· On flight to Portugal Pope expresses hope for productive dialogue between faith and secularism ·
On Tuesday, 11 May, Benedict XVI spoke with journalists on board his flight from Rome to Lisbon, answering the questions they had formulated for him. Fr Federico Lombardi, sj, Director of the Holy See Press Office, read the questions to the Pope. The following is a translation of the question-and-answer session, which was conducted in Italian.
Your Holiness, what concerns and feelings do you have about the situation of the Church in Portugal? What can be said to Portugal, which was once very Catholic and brought the faith to the world, but which today is undergoing a profound secularization, both in daily life as well as legally and culturally? How is the faith to be proclaimed in a context which is indifferent and even hostile to the Church?
Before all else, I wish you all a good morning, and may we have a good journey, despite the famous cloud beneath us. With regard to Portugal, I feel happy and grateful for everything that this country has done and is doing in the world and in history, and for the deep humanity of this people which I came to know from an earlier visit and from many Portuguese friends. I would say that it is true, very true, that Portugal has been a great force for the Catholic faith, it carried that faith throughout the world; a courageous, intelligent and creative faith; it was able to create a great culture which we see in Brazil and in Portugal itself, but also in the presence of the Portuguese spirit in Africa and Asia. On the other hand, the spirit of secularism is nothing new. The dialectic between secularism and faith in Portugal has a long history. Already in the eighteenth century the presence of the Enlightenment was strongly felt: we need only think of the name Pombal. So we can see that in these last centuries Portugal has always been living in a dialectic, which nowadays has naturally become more radical and appears with all the marks of the contemporary European spirit. This strikes me both as a challenge and a great opportunity. In these centuries of a dialectic between enlightenment, secularism and faith, there were always individuals who sought to build bridges and create a dialogue, but unfortunately the prevailing tendency was one of opposition and mutual exclusion. Today we see that this very dialectic represents an opportunity and that we need to develop a synthesis and a forward-looking and profound dialogue. In the multicultural situation in which we all find ourselves, we see that if European culture were merely rationalist, it would lack a transcendent religious dimension, and not be able to enter into dialogue with the great cultures of humanity all of which have this transcendent religious dimension — which is a dimension of man himself. So to think that there exists a pure, anti-historical reason, solely self-existent, which is “reason” itself, is a mistake; we are finding more and more that it affects only part of man, it expresses a certain historical situation but it is not reason as such. Reason as such is open to transcendence and only in the encounter between transcendent reality and faith and reason does man find himself. So I think that the precise task and mission of Europe in this situation is to create this dialogue, to integrate faith and modern rationality in a single anthropological vision which approaches the human being as a whole and thus also makes human cultures communicable. So I would say that the presence of secularism is something normal, but the separation and the opposition between secularism and a culture of faith is something anomalous and must be transcended. The great challenge of the present moment is for the two to come together, and in this way to discover their true identity. This, as I have said, is Europe's mission and mankind's need in our history.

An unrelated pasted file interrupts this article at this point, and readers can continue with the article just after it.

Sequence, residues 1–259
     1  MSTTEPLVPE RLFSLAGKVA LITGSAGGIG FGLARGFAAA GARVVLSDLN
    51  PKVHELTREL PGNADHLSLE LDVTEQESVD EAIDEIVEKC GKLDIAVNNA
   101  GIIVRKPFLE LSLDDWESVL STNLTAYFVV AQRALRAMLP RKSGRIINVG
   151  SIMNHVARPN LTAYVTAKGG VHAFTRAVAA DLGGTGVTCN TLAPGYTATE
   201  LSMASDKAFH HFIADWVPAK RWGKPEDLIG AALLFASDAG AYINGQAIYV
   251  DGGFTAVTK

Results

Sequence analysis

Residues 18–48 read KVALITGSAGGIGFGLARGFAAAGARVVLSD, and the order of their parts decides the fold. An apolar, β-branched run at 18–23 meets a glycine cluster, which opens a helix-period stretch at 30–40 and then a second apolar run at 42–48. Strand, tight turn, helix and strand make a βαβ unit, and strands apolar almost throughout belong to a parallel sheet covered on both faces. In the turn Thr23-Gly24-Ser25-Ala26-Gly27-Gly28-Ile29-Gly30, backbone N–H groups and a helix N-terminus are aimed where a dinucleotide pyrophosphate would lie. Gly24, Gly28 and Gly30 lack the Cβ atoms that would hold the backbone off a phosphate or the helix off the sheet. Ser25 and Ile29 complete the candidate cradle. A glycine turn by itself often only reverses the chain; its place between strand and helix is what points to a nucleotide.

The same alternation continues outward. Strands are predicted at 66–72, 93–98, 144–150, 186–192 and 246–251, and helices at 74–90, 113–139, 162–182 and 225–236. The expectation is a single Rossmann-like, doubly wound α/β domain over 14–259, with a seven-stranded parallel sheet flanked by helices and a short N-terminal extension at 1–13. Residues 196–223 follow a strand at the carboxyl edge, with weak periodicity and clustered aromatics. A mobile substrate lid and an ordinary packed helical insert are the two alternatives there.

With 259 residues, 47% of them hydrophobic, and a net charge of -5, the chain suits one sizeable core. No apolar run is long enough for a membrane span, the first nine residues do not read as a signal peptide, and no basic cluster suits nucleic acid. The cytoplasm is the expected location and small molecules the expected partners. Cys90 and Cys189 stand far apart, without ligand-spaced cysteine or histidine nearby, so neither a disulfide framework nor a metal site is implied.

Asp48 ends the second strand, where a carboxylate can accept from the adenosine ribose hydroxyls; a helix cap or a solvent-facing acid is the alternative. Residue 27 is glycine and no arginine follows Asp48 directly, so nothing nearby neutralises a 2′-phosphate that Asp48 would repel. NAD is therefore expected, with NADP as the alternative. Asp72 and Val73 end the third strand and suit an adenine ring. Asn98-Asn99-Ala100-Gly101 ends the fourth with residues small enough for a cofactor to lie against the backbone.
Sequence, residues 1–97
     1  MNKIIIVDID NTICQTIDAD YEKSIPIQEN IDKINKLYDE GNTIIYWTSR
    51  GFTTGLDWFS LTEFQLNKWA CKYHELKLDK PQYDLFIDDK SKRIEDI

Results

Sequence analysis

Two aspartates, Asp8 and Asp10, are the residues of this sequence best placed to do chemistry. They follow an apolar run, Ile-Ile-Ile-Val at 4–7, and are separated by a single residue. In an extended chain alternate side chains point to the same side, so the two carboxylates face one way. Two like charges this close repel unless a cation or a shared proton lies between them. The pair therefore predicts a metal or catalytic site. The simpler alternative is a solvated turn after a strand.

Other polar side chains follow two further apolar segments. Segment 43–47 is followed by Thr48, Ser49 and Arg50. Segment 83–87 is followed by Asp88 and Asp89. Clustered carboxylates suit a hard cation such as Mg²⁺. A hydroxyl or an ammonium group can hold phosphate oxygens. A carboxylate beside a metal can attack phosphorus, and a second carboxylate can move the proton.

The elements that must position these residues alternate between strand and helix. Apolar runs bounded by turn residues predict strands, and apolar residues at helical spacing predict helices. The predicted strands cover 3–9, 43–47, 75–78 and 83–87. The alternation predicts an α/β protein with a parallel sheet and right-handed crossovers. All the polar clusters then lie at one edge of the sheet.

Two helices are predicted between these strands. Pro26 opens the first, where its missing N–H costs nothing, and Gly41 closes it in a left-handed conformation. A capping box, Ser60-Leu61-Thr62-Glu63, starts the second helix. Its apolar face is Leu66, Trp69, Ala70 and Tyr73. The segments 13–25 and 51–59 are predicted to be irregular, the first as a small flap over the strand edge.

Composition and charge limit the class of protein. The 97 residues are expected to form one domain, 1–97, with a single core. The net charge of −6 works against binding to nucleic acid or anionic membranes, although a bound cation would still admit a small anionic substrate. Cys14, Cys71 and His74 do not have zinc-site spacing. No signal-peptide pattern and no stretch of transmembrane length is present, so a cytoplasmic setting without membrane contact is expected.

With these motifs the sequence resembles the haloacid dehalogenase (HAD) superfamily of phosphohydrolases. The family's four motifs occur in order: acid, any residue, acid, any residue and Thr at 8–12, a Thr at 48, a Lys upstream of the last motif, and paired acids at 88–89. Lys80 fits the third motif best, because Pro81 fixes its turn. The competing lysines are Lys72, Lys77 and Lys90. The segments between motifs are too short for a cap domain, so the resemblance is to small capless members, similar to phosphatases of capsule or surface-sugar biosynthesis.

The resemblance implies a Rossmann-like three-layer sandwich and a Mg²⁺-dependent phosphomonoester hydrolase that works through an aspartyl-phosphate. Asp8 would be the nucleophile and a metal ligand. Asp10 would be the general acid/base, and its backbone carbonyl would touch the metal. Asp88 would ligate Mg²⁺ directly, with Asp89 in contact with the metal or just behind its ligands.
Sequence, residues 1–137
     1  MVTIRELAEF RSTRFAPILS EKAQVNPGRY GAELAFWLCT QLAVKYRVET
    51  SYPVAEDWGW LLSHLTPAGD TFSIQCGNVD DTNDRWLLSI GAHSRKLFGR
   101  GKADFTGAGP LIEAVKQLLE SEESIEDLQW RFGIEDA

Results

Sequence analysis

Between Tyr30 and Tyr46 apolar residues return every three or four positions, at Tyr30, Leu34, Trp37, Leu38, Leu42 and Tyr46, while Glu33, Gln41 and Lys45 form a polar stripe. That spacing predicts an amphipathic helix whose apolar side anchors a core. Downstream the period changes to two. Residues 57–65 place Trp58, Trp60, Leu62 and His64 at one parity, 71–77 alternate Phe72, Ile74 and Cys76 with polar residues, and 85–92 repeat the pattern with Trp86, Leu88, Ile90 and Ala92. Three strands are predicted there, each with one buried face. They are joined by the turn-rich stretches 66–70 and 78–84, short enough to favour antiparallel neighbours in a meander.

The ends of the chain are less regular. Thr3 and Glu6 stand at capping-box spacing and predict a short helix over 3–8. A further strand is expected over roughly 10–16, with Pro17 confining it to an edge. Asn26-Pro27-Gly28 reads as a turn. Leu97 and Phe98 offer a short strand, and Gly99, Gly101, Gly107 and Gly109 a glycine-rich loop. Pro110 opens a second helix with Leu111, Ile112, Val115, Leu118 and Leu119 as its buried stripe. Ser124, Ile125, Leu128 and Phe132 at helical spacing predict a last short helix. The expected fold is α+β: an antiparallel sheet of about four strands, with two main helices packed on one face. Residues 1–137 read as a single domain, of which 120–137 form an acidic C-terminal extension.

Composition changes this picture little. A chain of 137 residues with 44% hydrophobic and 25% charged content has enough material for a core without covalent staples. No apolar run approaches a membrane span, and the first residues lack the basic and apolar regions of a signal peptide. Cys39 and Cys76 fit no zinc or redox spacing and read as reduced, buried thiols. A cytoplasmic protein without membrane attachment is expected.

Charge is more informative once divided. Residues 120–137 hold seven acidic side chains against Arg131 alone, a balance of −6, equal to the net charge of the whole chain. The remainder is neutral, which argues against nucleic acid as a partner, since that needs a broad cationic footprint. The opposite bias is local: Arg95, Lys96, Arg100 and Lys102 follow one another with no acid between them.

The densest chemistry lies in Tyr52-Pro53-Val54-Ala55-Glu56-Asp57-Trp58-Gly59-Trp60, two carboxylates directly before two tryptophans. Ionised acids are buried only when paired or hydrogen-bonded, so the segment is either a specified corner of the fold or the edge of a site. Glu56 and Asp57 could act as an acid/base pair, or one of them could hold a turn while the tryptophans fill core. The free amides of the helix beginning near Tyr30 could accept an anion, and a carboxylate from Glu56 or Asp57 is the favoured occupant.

Thank you, Your Holiness. Let us continue with the subject of Europe. The economic crisis has recently worsened in Europe and involves Portugal in particular. Some European leaders think that the future of the European Union is at risk. What lessons can be learned from this crisis, also from the ethical and moral standpoint? What are the keys for consolidating unity and cooperation among Europe's countries in the future?